President Donald Trump’s tweets about the 2016 election have been condemned by human rights campaigners as “disgusted”.
The President tweeted on Tuesday that he would “never forgive” Russia for interfering in the US election, which he accused Russia of doing in the interest of the president’s election victory.
He did not specify what he meant by “heavenly Father” but a number of Russian-linked organisations and individuals were named in his tweets.
Here are some of the most notable tweets: The White House said in a statement: President Trump has a right to expect that his political opponents will refrain from engaging in partisan attacks, regardless of the motivations of their critics.
The President has every right to criticise Russia and the Russian Government for its interference in the 2016 US Presidential election.
We are confident that he will not be swayed by the efforts of those who seek to smear him and sow division within the American people.
But we believe it is important to stress that there are other options that the President can choose to pursue to try and get to the bottom of this story.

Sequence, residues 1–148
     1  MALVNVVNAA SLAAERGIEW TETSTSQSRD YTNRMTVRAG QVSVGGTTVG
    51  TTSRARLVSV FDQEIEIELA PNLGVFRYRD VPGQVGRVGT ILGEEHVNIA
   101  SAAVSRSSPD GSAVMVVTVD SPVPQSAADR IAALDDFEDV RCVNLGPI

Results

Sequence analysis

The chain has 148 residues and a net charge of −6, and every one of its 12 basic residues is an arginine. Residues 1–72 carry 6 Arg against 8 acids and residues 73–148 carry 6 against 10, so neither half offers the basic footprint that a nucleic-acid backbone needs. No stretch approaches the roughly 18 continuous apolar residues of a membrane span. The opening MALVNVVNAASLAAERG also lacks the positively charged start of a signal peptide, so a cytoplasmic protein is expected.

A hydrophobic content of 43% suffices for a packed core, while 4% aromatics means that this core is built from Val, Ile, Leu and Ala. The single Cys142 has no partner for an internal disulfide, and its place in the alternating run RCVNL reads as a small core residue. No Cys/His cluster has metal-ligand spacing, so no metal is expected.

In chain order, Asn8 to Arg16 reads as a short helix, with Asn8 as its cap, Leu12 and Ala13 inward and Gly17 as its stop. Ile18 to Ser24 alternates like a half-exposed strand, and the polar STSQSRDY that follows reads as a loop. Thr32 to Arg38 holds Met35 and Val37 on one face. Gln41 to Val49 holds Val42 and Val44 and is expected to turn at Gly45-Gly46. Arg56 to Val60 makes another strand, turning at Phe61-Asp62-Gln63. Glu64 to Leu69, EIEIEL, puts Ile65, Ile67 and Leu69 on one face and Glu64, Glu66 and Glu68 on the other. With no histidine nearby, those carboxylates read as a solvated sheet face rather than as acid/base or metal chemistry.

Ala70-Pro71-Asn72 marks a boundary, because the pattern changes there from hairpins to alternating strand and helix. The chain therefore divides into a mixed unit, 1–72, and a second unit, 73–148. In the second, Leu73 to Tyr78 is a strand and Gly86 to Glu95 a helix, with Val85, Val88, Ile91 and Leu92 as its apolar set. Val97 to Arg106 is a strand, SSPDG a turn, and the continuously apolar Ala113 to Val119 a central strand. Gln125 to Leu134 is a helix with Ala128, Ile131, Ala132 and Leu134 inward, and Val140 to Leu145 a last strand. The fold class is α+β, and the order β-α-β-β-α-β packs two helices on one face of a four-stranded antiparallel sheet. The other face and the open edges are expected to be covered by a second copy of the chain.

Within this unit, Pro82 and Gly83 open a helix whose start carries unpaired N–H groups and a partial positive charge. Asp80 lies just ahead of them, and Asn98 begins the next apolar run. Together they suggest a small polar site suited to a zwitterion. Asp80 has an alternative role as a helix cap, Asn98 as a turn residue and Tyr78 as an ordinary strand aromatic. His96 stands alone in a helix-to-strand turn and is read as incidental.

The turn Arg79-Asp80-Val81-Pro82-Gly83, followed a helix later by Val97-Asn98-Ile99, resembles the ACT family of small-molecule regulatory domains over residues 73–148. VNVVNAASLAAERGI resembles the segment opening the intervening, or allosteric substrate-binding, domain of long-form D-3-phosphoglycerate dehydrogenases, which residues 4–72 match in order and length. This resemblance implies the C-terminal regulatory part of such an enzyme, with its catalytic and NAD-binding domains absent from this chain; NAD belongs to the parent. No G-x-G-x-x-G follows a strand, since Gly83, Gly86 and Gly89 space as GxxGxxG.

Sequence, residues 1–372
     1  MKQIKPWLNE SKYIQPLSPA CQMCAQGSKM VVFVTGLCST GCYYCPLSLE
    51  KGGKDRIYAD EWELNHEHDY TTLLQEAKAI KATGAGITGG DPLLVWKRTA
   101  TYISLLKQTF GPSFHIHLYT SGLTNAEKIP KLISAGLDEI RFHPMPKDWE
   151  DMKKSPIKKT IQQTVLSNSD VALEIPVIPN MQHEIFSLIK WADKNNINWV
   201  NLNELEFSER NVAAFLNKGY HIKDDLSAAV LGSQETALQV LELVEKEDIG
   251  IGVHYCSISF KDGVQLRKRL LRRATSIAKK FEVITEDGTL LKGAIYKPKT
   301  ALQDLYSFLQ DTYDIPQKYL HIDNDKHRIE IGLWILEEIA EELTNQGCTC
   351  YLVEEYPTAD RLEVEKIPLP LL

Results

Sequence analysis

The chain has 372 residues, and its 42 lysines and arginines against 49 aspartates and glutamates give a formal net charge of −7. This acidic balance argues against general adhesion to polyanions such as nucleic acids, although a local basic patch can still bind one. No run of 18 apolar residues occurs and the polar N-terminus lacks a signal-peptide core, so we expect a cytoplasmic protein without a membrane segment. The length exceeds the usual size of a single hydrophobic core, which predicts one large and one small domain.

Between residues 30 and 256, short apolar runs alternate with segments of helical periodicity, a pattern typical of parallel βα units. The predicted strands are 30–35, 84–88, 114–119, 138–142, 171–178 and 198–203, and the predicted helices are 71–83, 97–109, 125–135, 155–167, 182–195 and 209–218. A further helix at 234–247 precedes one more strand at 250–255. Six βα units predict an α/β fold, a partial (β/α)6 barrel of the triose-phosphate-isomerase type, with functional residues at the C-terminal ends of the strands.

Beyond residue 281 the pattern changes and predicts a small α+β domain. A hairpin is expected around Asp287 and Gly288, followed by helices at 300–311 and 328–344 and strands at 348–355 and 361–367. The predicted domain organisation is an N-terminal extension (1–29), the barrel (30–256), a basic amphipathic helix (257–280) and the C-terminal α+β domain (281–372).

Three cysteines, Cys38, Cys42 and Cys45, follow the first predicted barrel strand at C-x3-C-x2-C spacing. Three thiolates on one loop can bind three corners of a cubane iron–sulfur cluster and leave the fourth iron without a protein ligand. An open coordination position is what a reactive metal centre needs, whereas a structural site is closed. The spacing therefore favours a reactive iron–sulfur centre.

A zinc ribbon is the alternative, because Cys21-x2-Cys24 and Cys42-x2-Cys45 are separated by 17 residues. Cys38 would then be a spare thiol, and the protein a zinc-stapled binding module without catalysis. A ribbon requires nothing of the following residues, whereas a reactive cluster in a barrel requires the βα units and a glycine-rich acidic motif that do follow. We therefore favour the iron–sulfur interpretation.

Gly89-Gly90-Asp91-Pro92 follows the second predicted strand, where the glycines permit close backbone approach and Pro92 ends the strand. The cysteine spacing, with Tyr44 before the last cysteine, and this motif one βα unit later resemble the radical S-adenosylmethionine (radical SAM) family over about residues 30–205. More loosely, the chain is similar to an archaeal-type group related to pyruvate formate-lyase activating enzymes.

The statement continued: There are also other options he can pursue that may bring more bipartisan support, such as offering to meet with the families of those killed in the Russian airstrike in the war-torn country of Syria.
Russia’s ambassador to the US, Sergey Kislyak, has denied any meddling in the election.
In a statement, the US Embassy in Moscow said: Russia’s Foreign Ministry has called for a “fresh and comprehensive investigation” into the incident and stressed that “Russia is not responsible for the outcome of this election”.
The US embassy in Brussels also said it was “deeply disappointed” by President Trump’s tweet, adding: The US and Russia have a long history of friendly relations and it is unacceptable that President Trump took the time to make such an outrageous and false allegation.
The embassy also added: The Embassy of Belgium will hold a press conference on Tuesday at 6:00pm ET (2:00am GMT) to discuss the current situation in the Baltic region.